G20 promises no let-up in stimulus, sees tax deal by summer
By Reuters | February 28th 2021
The world’s financial leaders have agreed to maintain expansionary policies to help economies survive the effects of Covid-19, and committed to a more multilateral approach to the twin coronavirus and economic crises.
The Italian presidency of the G20 group of the world’s top economies said the gathering of finance chiefs had pledged to work closely to accelerate a still fragile and uneven recovery.
“We agreed that any premature withdrawal of fiscal and monetary support should be avoided,” Daniele Franco, Italy’s finance minister, said after the video-linked meeting held by the G20 finance ministers and central bankers.
The US is readying Sh190 trillion ($1.9 trillion) in fiscal stimulus and the European Union has already put together more than Sh400 trillion (Euros 3 trillion) to keep its economies through lockdowns.
But despite the large sums, problems with the global rollout of vaccines and the emergence of new coronavirus variants mean the future path of the recovery remains uncertain. The G20 is “committed to scaling up international coordination to tackle current global challenges by adopting a stronger multilateral approach and focusing on a set of core priorities,” the Italian presidency said in a statement.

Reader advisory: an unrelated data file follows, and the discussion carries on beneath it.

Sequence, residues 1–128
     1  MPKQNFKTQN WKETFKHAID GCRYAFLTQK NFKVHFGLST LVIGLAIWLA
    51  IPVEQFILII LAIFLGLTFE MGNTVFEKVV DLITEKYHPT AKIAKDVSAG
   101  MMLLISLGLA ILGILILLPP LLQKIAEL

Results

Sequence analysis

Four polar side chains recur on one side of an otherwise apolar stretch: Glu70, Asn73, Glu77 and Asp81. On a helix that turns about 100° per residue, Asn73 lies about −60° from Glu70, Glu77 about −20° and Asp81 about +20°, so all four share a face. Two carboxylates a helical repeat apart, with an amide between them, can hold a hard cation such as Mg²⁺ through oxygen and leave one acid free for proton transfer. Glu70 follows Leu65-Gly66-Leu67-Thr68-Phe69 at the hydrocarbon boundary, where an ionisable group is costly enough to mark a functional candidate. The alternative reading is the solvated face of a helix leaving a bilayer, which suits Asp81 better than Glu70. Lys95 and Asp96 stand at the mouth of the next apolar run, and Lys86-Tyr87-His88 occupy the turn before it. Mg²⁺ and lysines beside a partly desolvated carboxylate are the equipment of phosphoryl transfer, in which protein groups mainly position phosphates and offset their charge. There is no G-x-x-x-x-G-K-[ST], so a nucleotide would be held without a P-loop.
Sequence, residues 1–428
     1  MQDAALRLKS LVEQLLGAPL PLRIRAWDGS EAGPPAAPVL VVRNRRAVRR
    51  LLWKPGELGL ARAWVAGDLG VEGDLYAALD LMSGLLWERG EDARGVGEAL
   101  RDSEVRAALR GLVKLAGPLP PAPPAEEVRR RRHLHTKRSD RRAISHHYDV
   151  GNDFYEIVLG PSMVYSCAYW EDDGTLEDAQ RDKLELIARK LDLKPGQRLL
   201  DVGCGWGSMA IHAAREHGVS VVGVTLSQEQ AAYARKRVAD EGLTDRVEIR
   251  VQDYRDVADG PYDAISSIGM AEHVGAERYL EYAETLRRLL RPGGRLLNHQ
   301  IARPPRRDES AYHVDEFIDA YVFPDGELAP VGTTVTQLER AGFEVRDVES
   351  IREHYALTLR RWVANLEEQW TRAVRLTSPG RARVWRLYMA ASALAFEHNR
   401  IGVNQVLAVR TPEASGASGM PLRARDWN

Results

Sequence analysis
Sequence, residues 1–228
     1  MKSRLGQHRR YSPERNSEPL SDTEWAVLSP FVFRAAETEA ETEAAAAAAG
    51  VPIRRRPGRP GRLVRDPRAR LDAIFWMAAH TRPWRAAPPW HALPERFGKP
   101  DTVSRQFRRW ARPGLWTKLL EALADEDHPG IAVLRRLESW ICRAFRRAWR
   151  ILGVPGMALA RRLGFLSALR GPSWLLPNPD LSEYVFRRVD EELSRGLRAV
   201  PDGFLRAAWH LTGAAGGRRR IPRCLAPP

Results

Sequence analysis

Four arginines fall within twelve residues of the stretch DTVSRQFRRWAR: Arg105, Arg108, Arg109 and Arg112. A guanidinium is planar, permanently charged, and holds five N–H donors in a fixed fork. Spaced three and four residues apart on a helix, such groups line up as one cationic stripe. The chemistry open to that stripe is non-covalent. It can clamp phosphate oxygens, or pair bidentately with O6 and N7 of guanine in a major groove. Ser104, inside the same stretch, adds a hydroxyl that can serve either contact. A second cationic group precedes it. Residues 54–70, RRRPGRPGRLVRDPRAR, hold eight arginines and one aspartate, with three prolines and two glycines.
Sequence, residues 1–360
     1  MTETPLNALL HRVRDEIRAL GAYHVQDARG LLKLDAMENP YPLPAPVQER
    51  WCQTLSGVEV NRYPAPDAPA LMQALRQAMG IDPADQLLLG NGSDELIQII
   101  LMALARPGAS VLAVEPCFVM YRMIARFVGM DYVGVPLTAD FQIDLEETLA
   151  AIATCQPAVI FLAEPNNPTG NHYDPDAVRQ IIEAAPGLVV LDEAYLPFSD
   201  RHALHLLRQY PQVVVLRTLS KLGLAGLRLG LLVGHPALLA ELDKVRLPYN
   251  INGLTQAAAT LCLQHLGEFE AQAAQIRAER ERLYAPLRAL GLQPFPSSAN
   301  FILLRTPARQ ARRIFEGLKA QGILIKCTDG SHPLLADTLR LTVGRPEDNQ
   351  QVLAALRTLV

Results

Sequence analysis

The meeting was the first since Joe Biden - who pledged to rebuild US cooperation in international bodies - US president, and significant progress appeared to have been made on the thorny issue of taxation of multinational firms, particularly web giants like Google, Amazon and Facebook.
US Treasury Secretary Janet Yellen told the G20 Washington had dropped the Trump administration’s proposal to let some companies opt out of new global digital tax rules, raising hopes for an agreement by summer.
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The move was hailed as a breakthrough by Germany’s Finance Minister Olaf Scholz and his French counterpart Bruno Le Maire.
Scholz said Yellen told the G20 officials that Washington also planned to reform US minimum tax regulations in line with an OECD proposal for a global effective minimum tax. “This is a giant step forward,” Scholz said.
The G20 also discussed how to help the world’s poorest countries. On this front there was broad support for boosting the capital of the International Monetary Fund to help it provide more loans.
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